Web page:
Cross training to make you a stronger runner

Jan 19, 2021 | Jenni Ashford

Running…it’s convenient, free and proven to significantly improve your health and well-being quickly. Here’s how cross training with Les Mills Barre, BodyBalance and GRIT will help you run more efficiently and help prevent injuries. Each of these classes targets different energy systems and muscle fibres.

From reducing stress to improving heart and lung health, to boosting weight loss (most beginners lose around 1lb a week), running can make us healthier and happier.

Whether you are new to running or a committed runner with marathons under your belt, there is nothing worse than injury disrupting your progress. Piriformis syndrome, shin splints, plantar fasciitis, IT band strains, hamstring tears…all common running injuries and all easily avoidable by cross training.

Often weak or inactive glutes and tight hips are often responsible for the strains on smaller muscles that lead to injury. This is very common amongst runners especially those with a desk job who stay seated for most of the day.

Les Mills GRIT is a great once-a-week addition to your training plan. With a choice of Cardio or Strength, GRIT is scientifically designed to shift your fitness to the next level. GRIT works by using explosive movements which will fire up fast twitch muscle fibres which will directly help to increase potential running speed.

The HIIT training effect means you also increase aerobic fitness and grow lean muscle tissue whilst burning fat. As there is little or no rest in GRIT, the heart rate is kept in a high but not maximal state – the lactic threshold. If you find it tough getting up hills, GRIT is a power boost to your cardio that will help you power through the harder runs.

The benefit of working to and improving our lactic threshold is to continue at a higher intensity for a longer period of time, before exhaustion and fatigue set in. When applied to running, this means you will be able to keep running strong for longer.

Focusing on the posterior muscle chain, Les Mills BARRE builds strength in the muscles responsible for forward movement, including the hamstrings, gluteus maximus, erector spinae, trapezius and posterior deltoids.

The high repetition, isometric exercise sequences of BARRE will catch you unaware. It may look easy but those small movements ignite often untouched muscles which are vital in supporting bigger muscle groups. Les Mills calls it the ‘beautiful burn’ – and burn it does.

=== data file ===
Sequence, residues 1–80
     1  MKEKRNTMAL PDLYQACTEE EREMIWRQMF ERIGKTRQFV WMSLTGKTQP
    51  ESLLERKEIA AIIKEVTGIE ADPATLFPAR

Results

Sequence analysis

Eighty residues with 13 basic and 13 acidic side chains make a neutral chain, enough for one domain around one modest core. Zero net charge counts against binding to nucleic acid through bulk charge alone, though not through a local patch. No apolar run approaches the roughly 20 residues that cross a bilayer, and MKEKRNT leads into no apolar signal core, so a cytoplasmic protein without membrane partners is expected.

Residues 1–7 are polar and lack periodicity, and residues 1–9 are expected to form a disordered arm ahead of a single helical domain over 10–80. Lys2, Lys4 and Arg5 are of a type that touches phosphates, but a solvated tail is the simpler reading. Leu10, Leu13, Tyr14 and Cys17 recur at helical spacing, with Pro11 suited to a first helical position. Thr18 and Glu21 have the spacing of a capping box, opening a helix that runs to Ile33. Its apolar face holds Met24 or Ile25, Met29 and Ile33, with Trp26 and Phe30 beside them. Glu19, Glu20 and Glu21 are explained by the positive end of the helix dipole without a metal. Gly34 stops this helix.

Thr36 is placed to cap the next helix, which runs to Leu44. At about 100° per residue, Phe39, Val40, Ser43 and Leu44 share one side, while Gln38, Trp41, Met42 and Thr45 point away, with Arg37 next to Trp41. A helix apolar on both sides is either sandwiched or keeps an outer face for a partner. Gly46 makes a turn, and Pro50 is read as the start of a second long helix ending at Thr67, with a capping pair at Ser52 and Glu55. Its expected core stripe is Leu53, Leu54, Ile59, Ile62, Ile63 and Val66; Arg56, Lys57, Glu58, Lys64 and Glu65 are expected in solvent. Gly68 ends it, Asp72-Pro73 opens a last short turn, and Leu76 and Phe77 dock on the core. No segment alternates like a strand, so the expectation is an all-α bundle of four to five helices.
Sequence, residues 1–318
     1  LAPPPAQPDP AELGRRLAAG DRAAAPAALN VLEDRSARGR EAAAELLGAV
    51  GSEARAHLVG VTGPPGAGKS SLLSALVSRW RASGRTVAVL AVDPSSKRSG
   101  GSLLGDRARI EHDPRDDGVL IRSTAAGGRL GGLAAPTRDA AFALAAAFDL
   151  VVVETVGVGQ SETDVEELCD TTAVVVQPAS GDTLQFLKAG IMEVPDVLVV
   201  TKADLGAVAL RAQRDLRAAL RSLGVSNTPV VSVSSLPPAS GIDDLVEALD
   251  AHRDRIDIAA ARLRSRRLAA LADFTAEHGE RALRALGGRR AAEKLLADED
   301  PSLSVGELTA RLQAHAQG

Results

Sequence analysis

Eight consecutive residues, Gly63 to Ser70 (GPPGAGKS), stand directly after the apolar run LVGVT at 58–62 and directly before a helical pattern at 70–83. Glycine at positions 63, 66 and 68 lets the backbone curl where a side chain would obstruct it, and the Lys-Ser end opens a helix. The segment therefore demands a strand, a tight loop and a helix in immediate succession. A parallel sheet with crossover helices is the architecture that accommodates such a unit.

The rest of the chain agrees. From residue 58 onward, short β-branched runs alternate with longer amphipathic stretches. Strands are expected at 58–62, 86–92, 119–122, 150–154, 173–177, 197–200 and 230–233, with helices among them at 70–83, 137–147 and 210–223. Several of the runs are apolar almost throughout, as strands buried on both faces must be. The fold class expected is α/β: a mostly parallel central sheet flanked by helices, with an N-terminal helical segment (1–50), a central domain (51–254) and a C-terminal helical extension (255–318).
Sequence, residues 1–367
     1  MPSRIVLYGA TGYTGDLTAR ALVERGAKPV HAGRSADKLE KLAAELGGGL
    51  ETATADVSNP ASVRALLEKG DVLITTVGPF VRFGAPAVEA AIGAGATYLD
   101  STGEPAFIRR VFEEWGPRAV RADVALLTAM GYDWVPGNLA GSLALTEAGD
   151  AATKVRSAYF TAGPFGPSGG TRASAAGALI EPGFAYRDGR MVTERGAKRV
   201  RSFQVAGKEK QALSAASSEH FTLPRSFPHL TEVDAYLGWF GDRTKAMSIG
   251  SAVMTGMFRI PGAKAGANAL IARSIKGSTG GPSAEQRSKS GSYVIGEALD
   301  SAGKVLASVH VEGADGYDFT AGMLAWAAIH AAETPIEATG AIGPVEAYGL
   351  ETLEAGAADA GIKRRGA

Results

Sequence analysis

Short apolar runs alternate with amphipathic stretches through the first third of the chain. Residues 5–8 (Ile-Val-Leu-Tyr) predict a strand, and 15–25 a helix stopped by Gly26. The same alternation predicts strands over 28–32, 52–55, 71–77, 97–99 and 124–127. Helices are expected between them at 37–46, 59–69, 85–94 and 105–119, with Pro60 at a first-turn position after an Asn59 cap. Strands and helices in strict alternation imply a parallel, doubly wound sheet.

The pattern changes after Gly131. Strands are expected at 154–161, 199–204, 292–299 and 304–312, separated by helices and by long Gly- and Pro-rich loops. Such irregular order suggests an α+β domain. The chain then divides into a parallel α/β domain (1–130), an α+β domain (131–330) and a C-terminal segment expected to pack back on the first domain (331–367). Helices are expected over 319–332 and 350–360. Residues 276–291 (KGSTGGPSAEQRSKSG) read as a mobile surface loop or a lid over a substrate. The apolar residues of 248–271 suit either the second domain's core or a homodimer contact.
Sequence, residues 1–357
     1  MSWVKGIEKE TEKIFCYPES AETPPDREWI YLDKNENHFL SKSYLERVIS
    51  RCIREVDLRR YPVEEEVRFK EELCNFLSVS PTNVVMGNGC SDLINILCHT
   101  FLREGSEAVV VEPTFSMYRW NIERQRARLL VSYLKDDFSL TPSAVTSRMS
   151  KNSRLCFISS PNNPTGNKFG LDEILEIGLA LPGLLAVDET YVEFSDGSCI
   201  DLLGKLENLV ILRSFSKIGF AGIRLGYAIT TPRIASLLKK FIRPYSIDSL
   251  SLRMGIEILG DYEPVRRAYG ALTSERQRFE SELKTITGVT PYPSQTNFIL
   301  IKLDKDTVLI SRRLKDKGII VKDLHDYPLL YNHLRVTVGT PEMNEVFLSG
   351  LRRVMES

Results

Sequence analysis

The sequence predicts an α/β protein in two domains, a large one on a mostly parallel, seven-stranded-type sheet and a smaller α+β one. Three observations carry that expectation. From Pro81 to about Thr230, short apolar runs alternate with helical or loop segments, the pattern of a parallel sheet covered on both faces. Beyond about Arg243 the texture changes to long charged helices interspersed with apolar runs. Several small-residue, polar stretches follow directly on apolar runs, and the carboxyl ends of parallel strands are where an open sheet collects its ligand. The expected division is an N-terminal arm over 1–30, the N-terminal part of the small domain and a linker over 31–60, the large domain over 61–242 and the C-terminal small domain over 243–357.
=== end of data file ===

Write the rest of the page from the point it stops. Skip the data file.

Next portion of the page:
BARRE focuses on strengthening and lengthening the posterior muscle groups, releasing hip flexors, increasing flexibility, aligning the spine and improving posture. Combined, this will benefit your stride and gait when running.

Core engagement and control is intrinsic to BARRE and without realising it, you work your core through every movement in the programme. Ultimately, a strong core makes for efficient running.

BARRE is a low impact way to stay limber and boost endurance. Time under tension, range of motion and varying rep tempos help to increase stamina. Because both small and large muscle groups are targeted, BARRE can help correct muscular imbalances which means stronger muscles no longer have to over-compensate for weaker ones while you run.

Muscle groups from your toes, feet, ankles and calves are strengthened to increase stability and balance. BARRE is an excellent way to build strength in these areas which ultimately support your entire kinetic chain and alignment.

Having better balance makes you more agile, meaning you waste less energy while running. Feet and ankles deserve much more attention when it comes to running fitness. Weak feet and ankles will inevitably lead to stress on other areas, muscle tightness and back pain. Exercising the muscles in your feet creates a solid base for the rest of your body.

BARRE also works within the aerobic to anaerobic range. BARRE will work you aerobically and will then push into the lactic threshold. Working aerobically effectively means that your body will use oxygen to produce energy, which is then used for steady state activity. Whilst an improved aerobic energy system will not help you much in a 100m sprint, it will certainly help you a lot in longer distance running.

Increased stability, balance and agility also comes from yoga or Les Mills BODYBALANCE, which is a fusion of yoga, pilates and Tai Chi. Controlled breathing, concentration and a carefully structured series of stretches, moves and poses to music create a holistic workout that brings your body into a state of harmony and balance.

As a runner it is vital to keep hip flexor muscles supple. Malfunctioning hips will slow you down, make you tire more quickly and put strain on other parts of the body which can lead to injury.

BODYBALANCE has over 100 yoga sessions with some specifically designed for runners and hip flexibility. Some sessions are 10 minutes whilst others are an hour, so they can be used during running rest days or after a run as a stretch off.

For injury-free running and improved speed and endurance, it is so important to vary fitness training and include alternatives to running that help create a strong physical framework, with long, lean, supple muscles, from the feet up to the core.

Our Personal Trainers are always happy to help create a fitness programme specific for you or take a look at Les Mills On Demand to get started during lockdown.

Members can get the Les Mills On Demand app for free for 60 days – see Online Classes in the member app.

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